All-night tour reveals mysteries of Paris Metro phantom of the metro
By EMILY WITHROW
By EMILY WITHROW
PARIS — An elderly couple waltzes to the steady carnival music of an organ grinder on the dingy platform of a Paris subway station. But it's nearly 3 a.m., and the station has been closed since World War II.
They are part of a traveling nocturnal party that barrels through the tunnels of the Metro long after the passenger trains have been tucked away for the night. These riders are on an exclusive, all-night Metro history tour, organized a dozen times a year by a group of railway buffs.
The ADEMAS association, dedicated to restoring old trains and preserving the Metro's history, has been around since 1992. (ADEMAS stands for Association D'Exploitation du Material Sprague; the Paris Metro's Sprague-Thomson model cars date to the early 1900s.)
But until recently, the group was as mysterious as the phantom stations they visit on their tours.
Rumors about the all-night Metro rides circulated by word of mouth and in Internet chat rooms, but details were almost impossible to track down — until June, when ADEMAS launched its Web site. But even that lacks specific times and tour dates.
Association president Julian Pepinster says it's with good reason. There are just 2,400 spots available each year.
"There's a constant demand for the tours," he said in an interview. "Even with a dozen tours a year, there's always a six-month wait."
It begins before midnight down a cobblestone side street just outside Paris' northern border. A small crowd, jittery like children off to summer camp, gathers behind an iron gate that opens onto a vast rail yard: a messy stack of rail ties, wood and machinery.
"Tickets! Tickets, please!" a man calls from a rickety table.
The guides, railway enthusiasts from ADEMAS, explain historical changes in voltage, and how different types of wheels connect to the rails. (If a rubber tire goes flat, there's a smaller iron wheel behind it that will take over.)
Some people take notes, some take photographs, and many glance over their shoulders at the large clock in anticipation.
It's almost midnight. The Metro is about to close, clearing its tunnels of trains and making way for the tour. The night travelers clamber on to the brilliantly green Sprague-Thomson car, a vintage model from 1930.
On board, there are polished wooden bench seats and enamel decoration in cream, mustard and burgundy. Original maps showing Line 2 stops and streets are posted overhead, and iron baskets hang above the seats for small luggage.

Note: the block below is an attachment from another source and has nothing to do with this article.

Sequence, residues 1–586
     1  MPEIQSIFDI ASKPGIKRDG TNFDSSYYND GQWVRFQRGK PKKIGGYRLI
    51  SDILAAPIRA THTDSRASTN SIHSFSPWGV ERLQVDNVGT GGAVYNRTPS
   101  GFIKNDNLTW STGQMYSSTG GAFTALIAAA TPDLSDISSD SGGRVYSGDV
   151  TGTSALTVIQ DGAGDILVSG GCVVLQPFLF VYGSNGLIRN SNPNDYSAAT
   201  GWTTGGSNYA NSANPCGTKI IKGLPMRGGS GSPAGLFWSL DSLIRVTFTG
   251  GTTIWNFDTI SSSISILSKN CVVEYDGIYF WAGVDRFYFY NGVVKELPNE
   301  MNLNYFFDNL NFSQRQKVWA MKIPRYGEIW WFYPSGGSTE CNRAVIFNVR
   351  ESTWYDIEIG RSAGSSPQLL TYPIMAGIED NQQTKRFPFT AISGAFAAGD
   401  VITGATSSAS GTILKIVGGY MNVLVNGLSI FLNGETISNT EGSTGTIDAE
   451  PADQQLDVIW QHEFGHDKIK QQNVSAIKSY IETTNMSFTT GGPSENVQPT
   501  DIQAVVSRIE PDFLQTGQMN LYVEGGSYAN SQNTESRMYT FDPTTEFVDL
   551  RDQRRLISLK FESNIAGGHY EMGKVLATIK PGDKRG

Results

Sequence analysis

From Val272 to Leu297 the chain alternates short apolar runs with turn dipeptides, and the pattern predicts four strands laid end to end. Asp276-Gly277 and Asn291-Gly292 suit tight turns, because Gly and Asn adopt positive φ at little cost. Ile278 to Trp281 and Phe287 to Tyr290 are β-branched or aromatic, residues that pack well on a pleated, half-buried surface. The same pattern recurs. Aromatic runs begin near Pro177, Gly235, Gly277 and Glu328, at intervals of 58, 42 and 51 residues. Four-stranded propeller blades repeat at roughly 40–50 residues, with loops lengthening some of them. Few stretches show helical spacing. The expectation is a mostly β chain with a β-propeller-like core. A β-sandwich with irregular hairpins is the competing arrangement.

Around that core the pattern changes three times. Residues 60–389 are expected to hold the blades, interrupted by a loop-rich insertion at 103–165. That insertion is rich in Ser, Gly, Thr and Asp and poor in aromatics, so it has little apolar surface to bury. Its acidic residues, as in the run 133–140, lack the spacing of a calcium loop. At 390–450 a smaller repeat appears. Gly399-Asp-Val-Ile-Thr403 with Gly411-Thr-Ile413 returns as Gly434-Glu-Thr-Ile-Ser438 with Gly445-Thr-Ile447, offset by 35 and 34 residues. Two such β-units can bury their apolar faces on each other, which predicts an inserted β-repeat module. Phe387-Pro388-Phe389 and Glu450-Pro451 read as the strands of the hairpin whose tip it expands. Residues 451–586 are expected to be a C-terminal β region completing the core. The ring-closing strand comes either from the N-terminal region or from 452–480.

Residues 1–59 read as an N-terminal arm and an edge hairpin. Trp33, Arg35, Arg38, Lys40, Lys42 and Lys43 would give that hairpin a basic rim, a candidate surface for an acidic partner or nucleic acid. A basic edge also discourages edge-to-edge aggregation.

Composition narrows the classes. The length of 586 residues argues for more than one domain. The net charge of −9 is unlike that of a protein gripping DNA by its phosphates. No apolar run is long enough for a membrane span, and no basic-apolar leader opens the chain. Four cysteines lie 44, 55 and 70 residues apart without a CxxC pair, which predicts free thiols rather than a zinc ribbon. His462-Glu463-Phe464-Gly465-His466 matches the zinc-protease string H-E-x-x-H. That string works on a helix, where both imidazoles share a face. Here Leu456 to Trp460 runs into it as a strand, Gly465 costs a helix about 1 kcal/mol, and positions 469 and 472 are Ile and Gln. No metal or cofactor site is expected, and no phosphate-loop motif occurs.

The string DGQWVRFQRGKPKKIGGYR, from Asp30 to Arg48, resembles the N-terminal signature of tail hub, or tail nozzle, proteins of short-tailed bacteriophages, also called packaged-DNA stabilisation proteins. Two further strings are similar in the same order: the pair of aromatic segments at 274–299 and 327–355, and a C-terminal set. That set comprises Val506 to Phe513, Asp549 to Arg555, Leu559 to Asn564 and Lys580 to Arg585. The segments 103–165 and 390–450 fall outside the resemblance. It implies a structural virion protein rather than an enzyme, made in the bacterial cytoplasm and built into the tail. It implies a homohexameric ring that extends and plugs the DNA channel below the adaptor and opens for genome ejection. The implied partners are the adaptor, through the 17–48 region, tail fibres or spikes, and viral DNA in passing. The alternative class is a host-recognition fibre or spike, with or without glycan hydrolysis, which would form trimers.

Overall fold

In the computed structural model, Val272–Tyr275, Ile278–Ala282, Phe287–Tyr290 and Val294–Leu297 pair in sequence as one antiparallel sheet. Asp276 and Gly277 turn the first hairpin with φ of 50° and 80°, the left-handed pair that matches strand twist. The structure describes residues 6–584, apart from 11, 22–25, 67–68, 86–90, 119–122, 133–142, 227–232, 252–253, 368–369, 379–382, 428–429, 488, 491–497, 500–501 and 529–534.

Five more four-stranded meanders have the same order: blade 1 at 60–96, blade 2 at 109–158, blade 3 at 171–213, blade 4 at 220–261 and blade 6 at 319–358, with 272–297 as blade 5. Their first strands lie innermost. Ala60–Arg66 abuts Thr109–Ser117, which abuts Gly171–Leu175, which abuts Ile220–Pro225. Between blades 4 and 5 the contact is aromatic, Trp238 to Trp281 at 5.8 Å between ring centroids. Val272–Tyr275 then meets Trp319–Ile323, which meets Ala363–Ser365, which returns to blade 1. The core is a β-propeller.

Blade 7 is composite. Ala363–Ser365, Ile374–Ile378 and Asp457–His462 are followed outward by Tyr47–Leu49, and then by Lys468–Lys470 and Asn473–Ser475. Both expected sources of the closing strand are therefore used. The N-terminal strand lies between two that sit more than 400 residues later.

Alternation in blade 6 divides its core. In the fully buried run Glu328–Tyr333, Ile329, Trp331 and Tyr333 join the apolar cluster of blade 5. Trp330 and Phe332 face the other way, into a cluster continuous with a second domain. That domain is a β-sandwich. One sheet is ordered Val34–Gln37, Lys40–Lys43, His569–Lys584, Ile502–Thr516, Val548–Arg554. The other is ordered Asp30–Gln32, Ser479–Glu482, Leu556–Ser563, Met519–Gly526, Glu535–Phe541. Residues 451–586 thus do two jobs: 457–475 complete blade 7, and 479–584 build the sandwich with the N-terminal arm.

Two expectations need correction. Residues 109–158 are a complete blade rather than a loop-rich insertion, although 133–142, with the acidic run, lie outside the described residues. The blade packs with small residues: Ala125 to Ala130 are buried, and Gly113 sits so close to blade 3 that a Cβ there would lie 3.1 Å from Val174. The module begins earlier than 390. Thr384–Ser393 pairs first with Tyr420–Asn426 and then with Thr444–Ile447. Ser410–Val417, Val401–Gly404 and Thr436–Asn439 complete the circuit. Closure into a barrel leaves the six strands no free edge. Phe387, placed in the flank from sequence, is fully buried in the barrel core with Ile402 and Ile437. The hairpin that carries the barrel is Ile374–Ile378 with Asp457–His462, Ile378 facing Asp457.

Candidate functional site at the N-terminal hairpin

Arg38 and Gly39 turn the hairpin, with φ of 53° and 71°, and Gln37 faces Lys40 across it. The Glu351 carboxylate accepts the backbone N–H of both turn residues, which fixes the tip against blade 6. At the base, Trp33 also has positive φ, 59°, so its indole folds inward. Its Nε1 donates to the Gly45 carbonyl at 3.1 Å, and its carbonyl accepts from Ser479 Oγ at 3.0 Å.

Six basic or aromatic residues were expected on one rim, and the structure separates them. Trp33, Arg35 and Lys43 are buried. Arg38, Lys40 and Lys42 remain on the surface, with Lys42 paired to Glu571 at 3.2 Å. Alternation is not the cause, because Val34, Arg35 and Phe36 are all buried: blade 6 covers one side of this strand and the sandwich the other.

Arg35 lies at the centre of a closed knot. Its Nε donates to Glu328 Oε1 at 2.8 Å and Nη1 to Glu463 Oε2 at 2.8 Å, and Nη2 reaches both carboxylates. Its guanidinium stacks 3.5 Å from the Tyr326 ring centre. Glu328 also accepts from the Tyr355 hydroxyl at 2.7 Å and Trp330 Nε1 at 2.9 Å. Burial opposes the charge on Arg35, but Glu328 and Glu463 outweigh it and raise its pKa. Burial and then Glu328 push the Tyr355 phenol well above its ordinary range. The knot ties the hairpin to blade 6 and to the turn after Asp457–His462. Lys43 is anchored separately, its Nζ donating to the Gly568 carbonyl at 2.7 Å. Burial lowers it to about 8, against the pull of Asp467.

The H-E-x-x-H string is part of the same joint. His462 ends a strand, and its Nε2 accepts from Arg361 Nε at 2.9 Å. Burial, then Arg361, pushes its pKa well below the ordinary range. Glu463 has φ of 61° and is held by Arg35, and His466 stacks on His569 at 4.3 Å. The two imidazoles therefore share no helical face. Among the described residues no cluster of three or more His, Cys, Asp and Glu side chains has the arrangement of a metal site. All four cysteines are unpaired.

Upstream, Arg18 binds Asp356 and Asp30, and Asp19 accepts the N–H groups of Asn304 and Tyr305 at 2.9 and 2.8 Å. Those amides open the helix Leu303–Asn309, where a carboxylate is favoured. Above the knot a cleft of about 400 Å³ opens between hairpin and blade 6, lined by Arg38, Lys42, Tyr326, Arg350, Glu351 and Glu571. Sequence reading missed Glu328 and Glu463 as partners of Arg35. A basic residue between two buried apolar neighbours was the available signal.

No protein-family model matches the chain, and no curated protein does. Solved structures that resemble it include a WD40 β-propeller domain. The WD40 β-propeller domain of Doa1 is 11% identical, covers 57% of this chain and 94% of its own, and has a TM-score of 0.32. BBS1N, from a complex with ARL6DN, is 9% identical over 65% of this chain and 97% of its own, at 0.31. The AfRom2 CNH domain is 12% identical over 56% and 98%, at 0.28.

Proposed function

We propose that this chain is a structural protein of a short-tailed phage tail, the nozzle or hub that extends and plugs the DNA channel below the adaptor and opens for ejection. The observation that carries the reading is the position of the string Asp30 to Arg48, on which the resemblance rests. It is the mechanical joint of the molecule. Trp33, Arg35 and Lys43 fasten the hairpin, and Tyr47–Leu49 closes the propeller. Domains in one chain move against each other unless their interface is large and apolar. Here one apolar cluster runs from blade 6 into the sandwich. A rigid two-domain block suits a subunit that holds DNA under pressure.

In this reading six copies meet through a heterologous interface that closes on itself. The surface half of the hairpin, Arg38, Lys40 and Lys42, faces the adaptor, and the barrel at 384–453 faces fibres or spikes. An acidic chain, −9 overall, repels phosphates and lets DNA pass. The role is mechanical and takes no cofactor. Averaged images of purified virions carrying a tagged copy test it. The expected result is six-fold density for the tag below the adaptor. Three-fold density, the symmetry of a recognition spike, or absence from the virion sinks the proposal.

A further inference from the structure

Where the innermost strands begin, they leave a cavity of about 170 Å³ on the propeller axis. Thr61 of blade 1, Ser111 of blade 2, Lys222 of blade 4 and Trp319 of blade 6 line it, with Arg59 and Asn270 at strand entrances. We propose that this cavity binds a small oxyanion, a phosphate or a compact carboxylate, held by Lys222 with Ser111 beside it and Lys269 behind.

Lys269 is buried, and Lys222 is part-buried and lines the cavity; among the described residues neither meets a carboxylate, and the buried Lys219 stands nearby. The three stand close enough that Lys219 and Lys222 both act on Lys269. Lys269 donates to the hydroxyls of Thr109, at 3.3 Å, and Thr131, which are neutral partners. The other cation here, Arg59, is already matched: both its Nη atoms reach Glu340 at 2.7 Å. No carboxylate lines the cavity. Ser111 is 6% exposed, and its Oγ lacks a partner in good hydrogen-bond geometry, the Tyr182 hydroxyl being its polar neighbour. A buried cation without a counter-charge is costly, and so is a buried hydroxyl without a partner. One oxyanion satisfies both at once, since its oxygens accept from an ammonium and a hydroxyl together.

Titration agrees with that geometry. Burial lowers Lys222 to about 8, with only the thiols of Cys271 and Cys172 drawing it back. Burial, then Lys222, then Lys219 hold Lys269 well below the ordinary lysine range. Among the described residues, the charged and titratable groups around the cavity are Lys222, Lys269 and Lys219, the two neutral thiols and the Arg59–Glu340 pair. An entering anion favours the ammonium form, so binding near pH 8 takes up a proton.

A sign above the seats informs passengers that smoking and spitting are prohibited — a nod to modern-day mores.
After the Metro's creation for the Universal Exposition of 1900, lines spread throughout the city. The insignia decorating the doors of this train bear the initials CMP, one of the two Metro companies that competed for customers before World War II.
The train departs with a jolt that surprises a few passengers. They smile nervously and grip the seat backs, laughing as high-pitched whirring and chugging noises accompany the train into the city's underground tunnels.
From the loudspeakers, a comfortable banter soon emerges from the night's hosts, veritable tomes of history on the Paris Metro. Whenever the train is moving, for the next five hours, it's nonstop Metro trivia.
"We started off as a small group of friends," Pepinster explained, adding that the association includes Metro employees and retirees, police officers, insurance salesmen and research scientists.
The train travels through the city center in between the last two passenger trains, called the Sleeve and the Sweeper.
Bewildered late-night Metro riders watch from the platform as the 1930s train rumbles through the station without stopping. Many step back and wave at the tour passengers, who enthusiastically reciprocate.
After changing Metro lines via a shortcut normally only used by repair cars, the Sprague heads to its first stop: Croix-Rouge in southwestern Paris, one of the Metro's "phantom stations."
The economic stresses of World War II forced Paris to close many Metro stops. Much of the population had been moved to the front lines, and the city needed to conserve energy.
Four of the stations that closed in 1939 — Arsenal, Champ de Mars, Saint-Martin and Croix-Rouge — never reopened. After the war, the two Metro companies combined to form the RATP (the agency that handles local public transportation, Régie Autonome des Transports Parisiens). The RATP decided those four stations were unnecessary because of other stations nearby.
Everything is oddly familiar as the train pulls into the grime- and dust-covered platform of the abandoned station at Croix-Rouge. Like other, still-operating stations designed in the early 20th century, Croix-Rouge has tile-covered vaulted ceilings and large frames for advertisements. A rectangular space announces the station's name in white on blue.
Only this station is covered from top to bottom in filth and graffiti.
If the defacing of an important piece of Paris' history is reason to mourn, tonight's passengers are oblivious. The doors open, spilling almost 200 people onto the platform, and the 20-minute party begins.
The organ grinder wakes up from his cushy spot on board and begins cranking out music and singing along. People rush the bar in the first-class car for coffee or beer. Some dance. Others explore the station's fenced-off stairwells and hallways.
Soon the guides usher the crowd back on board, and the group is off to other phantom stations. At a stop around 3:30 a.m. at a training station for Metro drivers, the group gets champagne and pastries.
The evening that started out so jovial is winding down to a quiet halt in western Paris. The guides provide a breakfast of hot chocolate and croissants before the weary crowd heads home, via the first Metro of the new day.